The extra weekend can act as "weather insurance," said Zaitshik, who admitted he wasn't crazy about the idea when it was first implemented. "But in hindsight, it is a better fair than it ever was. Every day is a special day."
The Oklahoma Midway featured three Wade Roller Coasters - the Comet II, the Spinning Mouse, and the Crazy Cat as well as the Delusion and the Huss Rainbow. In addition, Wade Shows showcased their coalition partner, Michael Woods, with the Magnum, Remix and Magic Maze, "we had a powerful team. This year was possibly our finest presentation."
The Oklahoma State Fair featured 125 food booths, not including the midway food booths on the carnival. Food sales increased 7 percent, again outpacing an essentially flat attendance, indicating that people were spending more in this fair. "Contributing to the food gross was the return of the discount coupon book, sold through local non-profit groups and also on-site," he said.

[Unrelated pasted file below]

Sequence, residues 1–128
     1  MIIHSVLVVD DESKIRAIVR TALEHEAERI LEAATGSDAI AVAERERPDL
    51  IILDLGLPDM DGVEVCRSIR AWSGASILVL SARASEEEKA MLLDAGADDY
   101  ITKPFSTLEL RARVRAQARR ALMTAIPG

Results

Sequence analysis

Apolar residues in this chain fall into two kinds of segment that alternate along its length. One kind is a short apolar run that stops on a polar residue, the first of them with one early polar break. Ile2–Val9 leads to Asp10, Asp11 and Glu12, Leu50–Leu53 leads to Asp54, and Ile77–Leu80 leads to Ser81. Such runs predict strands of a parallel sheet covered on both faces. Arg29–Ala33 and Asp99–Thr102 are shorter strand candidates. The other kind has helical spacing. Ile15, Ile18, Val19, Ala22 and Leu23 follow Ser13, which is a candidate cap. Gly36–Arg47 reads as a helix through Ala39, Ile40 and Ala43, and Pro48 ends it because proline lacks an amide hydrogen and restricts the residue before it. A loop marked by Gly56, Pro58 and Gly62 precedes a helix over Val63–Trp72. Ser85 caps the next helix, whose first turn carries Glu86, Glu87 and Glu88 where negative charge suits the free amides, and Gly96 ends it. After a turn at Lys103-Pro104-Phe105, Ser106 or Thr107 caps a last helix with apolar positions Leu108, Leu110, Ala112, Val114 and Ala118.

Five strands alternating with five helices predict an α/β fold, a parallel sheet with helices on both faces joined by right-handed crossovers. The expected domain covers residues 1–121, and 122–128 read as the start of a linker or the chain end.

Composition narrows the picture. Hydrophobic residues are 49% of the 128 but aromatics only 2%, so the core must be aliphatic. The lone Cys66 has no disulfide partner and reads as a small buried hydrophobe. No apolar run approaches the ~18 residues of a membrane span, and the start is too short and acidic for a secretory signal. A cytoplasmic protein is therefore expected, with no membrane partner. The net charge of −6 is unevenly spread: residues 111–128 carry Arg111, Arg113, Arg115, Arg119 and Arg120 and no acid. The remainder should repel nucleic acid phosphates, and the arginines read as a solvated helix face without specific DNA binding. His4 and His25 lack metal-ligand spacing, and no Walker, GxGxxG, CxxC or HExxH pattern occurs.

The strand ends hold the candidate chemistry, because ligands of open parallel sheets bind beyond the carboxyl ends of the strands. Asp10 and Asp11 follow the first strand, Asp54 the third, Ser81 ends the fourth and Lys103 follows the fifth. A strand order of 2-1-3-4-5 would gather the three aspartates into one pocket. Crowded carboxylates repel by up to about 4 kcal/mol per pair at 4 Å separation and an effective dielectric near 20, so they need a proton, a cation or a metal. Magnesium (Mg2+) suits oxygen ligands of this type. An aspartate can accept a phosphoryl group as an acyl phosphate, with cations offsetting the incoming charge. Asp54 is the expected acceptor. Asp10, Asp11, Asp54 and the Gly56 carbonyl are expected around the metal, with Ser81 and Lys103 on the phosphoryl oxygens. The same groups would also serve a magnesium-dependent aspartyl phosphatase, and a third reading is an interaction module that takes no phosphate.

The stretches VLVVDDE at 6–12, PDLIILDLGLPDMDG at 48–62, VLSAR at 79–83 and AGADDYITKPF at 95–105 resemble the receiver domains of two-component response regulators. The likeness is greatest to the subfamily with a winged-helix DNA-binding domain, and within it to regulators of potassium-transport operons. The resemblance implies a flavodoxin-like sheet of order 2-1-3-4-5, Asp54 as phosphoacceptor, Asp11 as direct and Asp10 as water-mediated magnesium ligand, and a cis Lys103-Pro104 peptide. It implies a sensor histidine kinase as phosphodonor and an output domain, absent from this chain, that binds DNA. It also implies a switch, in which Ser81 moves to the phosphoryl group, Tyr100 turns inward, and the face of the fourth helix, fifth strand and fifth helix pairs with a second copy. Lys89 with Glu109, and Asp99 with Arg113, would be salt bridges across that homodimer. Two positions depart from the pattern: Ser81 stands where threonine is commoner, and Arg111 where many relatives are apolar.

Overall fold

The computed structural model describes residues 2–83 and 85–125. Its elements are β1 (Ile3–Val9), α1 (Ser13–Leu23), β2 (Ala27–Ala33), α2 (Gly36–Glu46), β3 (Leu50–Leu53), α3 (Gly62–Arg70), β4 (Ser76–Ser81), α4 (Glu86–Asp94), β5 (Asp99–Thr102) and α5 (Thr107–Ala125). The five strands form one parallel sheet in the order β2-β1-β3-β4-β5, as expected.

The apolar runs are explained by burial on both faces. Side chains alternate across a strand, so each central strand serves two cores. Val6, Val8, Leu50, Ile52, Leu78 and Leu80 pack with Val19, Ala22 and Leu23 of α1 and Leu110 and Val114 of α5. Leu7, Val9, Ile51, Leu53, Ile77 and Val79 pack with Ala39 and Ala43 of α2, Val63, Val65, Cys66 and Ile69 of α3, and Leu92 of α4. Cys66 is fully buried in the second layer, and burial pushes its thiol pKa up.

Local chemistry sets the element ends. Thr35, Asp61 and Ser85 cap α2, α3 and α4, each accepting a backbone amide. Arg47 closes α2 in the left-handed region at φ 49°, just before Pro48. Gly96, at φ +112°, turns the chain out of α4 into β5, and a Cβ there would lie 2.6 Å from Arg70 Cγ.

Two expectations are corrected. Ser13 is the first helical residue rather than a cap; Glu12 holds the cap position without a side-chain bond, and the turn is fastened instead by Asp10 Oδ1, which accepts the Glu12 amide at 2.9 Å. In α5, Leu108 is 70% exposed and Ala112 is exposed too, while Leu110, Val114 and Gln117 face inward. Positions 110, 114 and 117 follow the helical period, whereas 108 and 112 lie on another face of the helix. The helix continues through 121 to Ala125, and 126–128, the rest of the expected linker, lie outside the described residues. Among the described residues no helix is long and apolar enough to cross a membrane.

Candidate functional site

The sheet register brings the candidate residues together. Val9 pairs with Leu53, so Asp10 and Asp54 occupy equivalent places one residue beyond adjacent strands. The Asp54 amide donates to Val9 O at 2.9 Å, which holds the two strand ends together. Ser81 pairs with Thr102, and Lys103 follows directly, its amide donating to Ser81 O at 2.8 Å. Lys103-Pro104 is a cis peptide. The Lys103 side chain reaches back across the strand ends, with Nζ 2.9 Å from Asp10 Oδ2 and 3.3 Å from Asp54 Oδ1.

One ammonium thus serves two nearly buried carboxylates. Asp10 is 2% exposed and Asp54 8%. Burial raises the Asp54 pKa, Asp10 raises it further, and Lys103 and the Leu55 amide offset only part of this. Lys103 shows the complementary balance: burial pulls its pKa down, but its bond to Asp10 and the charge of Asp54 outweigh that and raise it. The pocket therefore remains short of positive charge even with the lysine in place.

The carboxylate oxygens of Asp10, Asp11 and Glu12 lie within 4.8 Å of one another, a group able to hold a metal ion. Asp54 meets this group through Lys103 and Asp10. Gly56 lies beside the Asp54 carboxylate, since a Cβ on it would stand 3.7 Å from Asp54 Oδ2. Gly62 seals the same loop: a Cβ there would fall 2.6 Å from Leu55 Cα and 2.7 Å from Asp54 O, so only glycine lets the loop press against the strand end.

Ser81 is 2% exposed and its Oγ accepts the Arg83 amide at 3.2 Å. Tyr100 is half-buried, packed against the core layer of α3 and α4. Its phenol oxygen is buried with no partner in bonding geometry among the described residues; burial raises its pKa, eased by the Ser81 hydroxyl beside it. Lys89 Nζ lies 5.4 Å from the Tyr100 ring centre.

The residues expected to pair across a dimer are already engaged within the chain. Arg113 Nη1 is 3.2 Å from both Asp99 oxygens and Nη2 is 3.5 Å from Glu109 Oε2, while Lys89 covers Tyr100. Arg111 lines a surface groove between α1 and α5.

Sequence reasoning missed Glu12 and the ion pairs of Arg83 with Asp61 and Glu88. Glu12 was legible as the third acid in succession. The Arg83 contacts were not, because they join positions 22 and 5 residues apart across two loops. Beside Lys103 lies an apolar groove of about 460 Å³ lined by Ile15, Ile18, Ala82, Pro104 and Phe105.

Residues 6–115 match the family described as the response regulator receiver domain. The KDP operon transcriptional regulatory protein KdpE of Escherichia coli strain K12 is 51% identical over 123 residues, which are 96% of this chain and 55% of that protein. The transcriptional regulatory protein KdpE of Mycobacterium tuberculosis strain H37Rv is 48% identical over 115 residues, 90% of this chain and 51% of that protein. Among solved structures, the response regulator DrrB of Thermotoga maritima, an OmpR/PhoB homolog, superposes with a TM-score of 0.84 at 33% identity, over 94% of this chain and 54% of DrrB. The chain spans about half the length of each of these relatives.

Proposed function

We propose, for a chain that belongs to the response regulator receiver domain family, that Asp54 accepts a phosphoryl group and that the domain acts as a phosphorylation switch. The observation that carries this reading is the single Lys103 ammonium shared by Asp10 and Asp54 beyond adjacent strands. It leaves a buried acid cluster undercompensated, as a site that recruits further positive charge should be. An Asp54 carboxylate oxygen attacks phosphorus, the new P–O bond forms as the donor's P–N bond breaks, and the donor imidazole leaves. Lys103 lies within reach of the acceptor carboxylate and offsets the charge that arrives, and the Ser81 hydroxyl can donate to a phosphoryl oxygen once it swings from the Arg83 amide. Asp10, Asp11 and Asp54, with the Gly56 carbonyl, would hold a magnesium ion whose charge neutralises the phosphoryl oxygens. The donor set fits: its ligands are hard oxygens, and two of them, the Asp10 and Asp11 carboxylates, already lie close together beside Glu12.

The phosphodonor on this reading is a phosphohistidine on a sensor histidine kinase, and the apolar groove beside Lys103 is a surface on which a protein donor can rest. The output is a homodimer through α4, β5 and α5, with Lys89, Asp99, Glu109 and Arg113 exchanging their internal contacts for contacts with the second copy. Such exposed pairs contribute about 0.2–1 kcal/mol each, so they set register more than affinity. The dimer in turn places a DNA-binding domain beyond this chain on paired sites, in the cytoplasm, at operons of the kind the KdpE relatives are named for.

A dizzying array of Bacon concoctions dominated this year's new food offerings, including: Bacon Explosion Sundae - Vanilla ice cream smothered in bacon bits and caramel sauce, topped with a mound of whip cream, sprinkled with more bacon and a cherry - Honey Bun Bacon; Bacon Bloomin' Onion; Deep-Fried Bacon Cinnamon Roll; Caveman Turkey Leg - Giant Turkey Leg Wrapped with 1 lb. of Bacon and Bacon Wrapped Jack Daniels Churro. "Bacon is always popular at the fair, but in the last two or three years, we've had a lot more bacon products," said Munz. He added that the three most talked about food items were the Bacon Cheese Curds, the Caveman Turkey Leg and "the Deep-Fried Giant Gummy Bear on a Stick."